Seems we plan and plan and then plan some more as our deer seasons get closer. Once they are upon us though, we simply need to go with the flow, as the saying goes. Perhaps you scouted and placed a stand in a very special location, two weeks before the start of the season. But when you arrive the day before the gun opener with camper in tow you see a couple of trucks parked near your stand site.
Then, the worst of horrors as you make your way into your spot in the pitch dark and just as you begin climbing up into your ladder stand someone whistles and blinks his light at you from 50' away in his climber. Yup, I did let him know what I'd thought of his intrusion after obviously seeing my stand there already, before I left the area.
What happened next though is what keeps up slogging through the mud, waking up on a rainy day and sitting with numb toes.
The rest of the story, plan "B"
I did see one small buck that opening morning after my chosen area had been become someone else's. But, even with Tennessee's multiple buck tags, I was not tempted to take him. My plan now was to come up with a plan "B" and so I re-checked some other areas close by the camper's location. There was a nice area where a stream bed (dry) ran down and past a section of planted pines that looked promising.
I cleared a few areas that would make decent ground spots depending on the winds, sat at one for the afternoon and then headed back as light left the woods. On the way up the last low ridge I paused to catch my breath and saw that where I stood looked to be a pretty good vantage point, looking down the point of this low ridge that had two seasonal stream beds coming from either side of that point, meeting and then continuing on as one.
I spent a couple of minutes clearing this one last spot that happened to be only about 250 yards from the camper. I met my Dad back at the camper, we fixed some dinner and after a purely medicinal half glass of cough "medicine" we turned in early for our 4 AM planned wake-up.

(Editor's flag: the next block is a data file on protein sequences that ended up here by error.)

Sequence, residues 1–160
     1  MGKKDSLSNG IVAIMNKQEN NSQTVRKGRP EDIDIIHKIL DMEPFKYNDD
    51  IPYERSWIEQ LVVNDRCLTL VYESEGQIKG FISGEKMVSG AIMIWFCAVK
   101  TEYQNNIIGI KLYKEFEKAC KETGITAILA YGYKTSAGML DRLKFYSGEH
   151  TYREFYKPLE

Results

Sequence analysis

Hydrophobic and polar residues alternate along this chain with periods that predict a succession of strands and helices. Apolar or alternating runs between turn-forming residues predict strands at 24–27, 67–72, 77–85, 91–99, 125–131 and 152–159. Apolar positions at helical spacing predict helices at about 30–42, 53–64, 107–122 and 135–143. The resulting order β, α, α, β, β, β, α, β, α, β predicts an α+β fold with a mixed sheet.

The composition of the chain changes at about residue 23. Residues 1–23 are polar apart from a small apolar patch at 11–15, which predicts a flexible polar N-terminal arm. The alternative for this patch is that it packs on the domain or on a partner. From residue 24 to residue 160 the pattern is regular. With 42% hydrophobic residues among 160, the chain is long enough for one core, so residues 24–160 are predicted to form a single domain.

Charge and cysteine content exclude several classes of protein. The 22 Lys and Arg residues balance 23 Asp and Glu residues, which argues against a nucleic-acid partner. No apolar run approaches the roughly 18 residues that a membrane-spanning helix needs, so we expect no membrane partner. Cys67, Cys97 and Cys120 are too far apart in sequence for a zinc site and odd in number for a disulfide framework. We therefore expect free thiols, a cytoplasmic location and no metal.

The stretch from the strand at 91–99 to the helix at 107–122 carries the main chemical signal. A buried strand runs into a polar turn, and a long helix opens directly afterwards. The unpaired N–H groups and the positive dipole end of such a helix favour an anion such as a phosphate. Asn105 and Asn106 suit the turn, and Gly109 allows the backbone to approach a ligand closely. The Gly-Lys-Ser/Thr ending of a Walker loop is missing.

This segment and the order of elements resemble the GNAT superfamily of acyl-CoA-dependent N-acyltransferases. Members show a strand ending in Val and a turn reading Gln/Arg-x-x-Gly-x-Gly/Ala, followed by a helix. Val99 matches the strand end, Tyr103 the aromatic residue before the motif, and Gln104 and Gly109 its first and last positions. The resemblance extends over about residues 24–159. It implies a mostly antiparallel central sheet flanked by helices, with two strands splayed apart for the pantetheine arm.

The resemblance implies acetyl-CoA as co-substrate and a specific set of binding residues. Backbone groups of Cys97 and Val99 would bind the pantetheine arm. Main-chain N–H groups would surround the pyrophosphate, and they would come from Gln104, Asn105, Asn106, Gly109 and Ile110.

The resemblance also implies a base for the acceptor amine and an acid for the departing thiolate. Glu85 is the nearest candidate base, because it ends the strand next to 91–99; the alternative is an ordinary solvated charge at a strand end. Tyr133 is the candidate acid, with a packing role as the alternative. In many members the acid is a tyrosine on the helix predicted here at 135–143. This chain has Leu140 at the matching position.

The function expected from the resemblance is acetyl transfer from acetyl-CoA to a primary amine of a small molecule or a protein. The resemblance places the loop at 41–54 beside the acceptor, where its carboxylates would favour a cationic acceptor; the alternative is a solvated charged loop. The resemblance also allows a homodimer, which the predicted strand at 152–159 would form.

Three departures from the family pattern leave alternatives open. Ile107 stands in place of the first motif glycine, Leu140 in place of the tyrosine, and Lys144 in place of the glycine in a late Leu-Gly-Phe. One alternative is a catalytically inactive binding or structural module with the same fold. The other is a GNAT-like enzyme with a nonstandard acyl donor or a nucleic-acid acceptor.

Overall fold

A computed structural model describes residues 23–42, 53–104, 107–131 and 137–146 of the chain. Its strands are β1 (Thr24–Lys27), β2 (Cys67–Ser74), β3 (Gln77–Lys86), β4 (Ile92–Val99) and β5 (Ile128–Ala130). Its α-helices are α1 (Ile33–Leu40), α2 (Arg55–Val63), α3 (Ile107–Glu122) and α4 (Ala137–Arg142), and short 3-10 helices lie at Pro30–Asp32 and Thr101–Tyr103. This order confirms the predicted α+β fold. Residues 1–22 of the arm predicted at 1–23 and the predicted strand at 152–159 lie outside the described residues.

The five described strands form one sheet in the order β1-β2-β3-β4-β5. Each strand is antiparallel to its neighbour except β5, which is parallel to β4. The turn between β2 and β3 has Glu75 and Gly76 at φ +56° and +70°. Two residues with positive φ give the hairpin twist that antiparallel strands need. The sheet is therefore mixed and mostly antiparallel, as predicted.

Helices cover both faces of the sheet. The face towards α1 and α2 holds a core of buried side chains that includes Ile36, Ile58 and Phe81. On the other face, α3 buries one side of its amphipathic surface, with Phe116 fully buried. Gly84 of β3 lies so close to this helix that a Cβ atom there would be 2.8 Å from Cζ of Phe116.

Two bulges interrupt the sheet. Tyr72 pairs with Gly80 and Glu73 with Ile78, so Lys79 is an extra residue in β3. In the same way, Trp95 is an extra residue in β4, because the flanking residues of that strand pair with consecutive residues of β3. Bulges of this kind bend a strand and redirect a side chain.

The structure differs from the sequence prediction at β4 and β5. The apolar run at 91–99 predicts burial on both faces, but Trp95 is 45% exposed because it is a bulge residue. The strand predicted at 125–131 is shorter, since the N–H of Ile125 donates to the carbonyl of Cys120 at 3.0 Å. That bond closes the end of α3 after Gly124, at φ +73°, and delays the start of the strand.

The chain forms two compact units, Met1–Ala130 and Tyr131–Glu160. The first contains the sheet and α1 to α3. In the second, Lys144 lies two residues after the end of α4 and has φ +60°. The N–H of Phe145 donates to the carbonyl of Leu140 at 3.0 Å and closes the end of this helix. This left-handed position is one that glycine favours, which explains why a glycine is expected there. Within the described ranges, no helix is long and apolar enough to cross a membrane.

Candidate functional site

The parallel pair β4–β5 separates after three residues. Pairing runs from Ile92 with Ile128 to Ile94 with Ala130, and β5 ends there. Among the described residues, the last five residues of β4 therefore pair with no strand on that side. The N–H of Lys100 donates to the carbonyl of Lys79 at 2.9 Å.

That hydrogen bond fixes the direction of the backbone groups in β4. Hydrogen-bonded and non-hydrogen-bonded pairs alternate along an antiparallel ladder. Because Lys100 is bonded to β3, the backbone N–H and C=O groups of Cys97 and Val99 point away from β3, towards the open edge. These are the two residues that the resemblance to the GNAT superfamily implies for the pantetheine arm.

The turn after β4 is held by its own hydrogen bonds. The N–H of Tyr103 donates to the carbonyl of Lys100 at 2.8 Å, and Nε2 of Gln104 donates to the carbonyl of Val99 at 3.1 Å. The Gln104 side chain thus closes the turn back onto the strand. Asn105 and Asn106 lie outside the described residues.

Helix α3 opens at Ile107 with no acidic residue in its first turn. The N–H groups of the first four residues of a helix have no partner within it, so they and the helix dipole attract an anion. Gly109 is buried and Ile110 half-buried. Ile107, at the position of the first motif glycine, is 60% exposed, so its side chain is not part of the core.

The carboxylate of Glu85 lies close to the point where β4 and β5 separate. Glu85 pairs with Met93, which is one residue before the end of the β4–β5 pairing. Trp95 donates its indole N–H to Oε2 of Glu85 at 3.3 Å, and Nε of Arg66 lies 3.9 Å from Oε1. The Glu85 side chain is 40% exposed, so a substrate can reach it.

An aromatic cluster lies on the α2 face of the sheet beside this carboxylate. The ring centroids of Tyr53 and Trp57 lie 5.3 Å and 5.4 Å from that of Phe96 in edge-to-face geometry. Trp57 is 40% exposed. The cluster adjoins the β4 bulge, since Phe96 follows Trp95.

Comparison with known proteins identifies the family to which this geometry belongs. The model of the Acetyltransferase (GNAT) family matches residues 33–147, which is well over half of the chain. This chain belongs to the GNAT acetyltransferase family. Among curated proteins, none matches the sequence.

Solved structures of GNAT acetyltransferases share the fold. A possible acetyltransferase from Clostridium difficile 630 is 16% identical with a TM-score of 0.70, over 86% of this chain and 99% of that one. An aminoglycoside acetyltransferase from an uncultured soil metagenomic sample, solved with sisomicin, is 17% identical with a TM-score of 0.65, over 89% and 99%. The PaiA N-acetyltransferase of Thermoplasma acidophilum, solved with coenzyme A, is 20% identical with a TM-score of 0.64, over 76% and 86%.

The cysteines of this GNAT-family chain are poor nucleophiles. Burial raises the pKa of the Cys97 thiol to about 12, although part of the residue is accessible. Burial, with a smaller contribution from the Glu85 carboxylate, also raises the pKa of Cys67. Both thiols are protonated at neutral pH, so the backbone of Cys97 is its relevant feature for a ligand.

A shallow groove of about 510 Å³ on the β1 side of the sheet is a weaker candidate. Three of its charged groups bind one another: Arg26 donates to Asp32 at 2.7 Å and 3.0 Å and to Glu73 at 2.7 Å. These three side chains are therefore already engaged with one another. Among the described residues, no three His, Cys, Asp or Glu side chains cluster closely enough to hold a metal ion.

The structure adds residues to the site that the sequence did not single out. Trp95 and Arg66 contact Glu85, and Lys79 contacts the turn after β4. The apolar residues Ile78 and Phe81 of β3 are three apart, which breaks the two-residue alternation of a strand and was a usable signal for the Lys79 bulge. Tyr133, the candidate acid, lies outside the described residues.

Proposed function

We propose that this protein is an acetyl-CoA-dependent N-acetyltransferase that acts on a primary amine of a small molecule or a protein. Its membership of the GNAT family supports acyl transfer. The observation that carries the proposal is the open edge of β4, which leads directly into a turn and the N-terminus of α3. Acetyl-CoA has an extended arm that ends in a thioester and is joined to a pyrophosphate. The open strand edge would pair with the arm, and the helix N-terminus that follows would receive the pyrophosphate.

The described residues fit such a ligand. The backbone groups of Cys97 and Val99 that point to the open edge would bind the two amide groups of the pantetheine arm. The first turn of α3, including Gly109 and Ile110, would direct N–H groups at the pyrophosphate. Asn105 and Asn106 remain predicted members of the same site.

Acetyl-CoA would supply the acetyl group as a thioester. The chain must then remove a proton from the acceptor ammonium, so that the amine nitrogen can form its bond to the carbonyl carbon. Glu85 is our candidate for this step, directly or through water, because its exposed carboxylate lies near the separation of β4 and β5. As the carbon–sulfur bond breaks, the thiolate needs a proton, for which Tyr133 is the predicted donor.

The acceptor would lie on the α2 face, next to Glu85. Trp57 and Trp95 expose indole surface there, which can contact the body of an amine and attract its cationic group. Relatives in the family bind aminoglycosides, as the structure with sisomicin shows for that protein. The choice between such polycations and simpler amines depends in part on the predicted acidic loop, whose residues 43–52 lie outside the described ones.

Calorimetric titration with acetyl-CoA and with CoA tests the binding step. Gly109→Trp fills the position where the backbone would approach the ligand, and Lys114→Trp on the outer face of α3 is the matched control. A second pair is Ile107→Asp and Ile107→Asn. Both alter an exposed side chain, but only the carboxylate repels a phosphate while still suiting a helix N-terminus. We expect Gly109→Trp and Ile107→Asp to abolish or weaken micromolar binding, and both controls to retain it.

The alarm sounded off on time although I'm still surprised we even heard it through the gale force winds and pelting rain blowing outside our snug little retreat. I simply said, "I'm not going out in this" and heard my Dad reply, "Heck, I hope not!". I rolled back over and dozed listening to the rain and wind for another 2-3 hours.
Finally, I unzipped the sleeping bag and said that I'd thought the weather sounded like it was improving some. We both got up, ate our typical hunting breakfast of instant oatmeal and headed out the door just after 7 AM. About 40* and still windy outside but raining not nearly as hard as it was just a few hours before, we headed for our chosen areas on either side of our dead end logging trail.
I slowly walked into my side and decided to simply sit at the last spot I'd cleared no more than 250 yds from the camper. Heck, if it started really pouring again, I could be back inside the camper within 10 minutes or so. I found my tree and set down my little hunting seat directly behind the 15-18" diameter tree I'd found the afternoon before.
"Not too nasty" I kept telling myself every 2 minutes as I sat scanning the still dimly lit woods around me. After a bit, I turned my head to the left and saw a deer walking slowly along that little stream bed headed towards the point of my little ridge finger. The model 100 Carbine in .308 came to my shoulder, the safety was silently pushed to fire and as the buck stepped past a tree directly below me I fired.
He dropped to the shot and I waited a few minutes watching him. I finally lost any patience and headed down to what looked like a really nice buck. He was most definitely a keeper. Ten points total and a very high, but not overly wide rack. He was clearly my best buck to date. My Dad was soon whistling to me as he made his way down the point after seeing me at the bottom.
He'd not been sitting five minutes when he heard me shoot and I'd only been seated about 20 minutes myself when I shot. We just stood and admired that pretty deer for a while and then took some photos. We gutted him there on the spot and dragged him (slowly) up that ridge to the logging road.
We enjoyed some lunch and then the decision was made to go on home and try to dry everything out. We checked in the deer en route to my house and this was (and still is) the only time I out-guess the "deer check guy" on the weight of a deer. I guessed 150 and he guessed 145, dressed. He went 148.
Two lessons here, perhaps. I still think this was the worst weather day I ever went hunting, but it certainly worked out OK. And also we need to remain calm and optimistic even when plan "A" gets totally blown out of the water! Hopefully you have not put all your eggs in one basket, as the saying goes. Even today, I sometimes feel a shiver when I glance at his shoulder mount in the den. After all it was a very cold, rainy and windy morning when plan "B" worked out for me.
The "Plan B" buck
Ed Sr looking like he's not looking forward to the drag!
Here's everything all loaded up and ready to roll
Just before we hooked up to the camper, this is what we saw! Hey, I couldn't make this stuff up!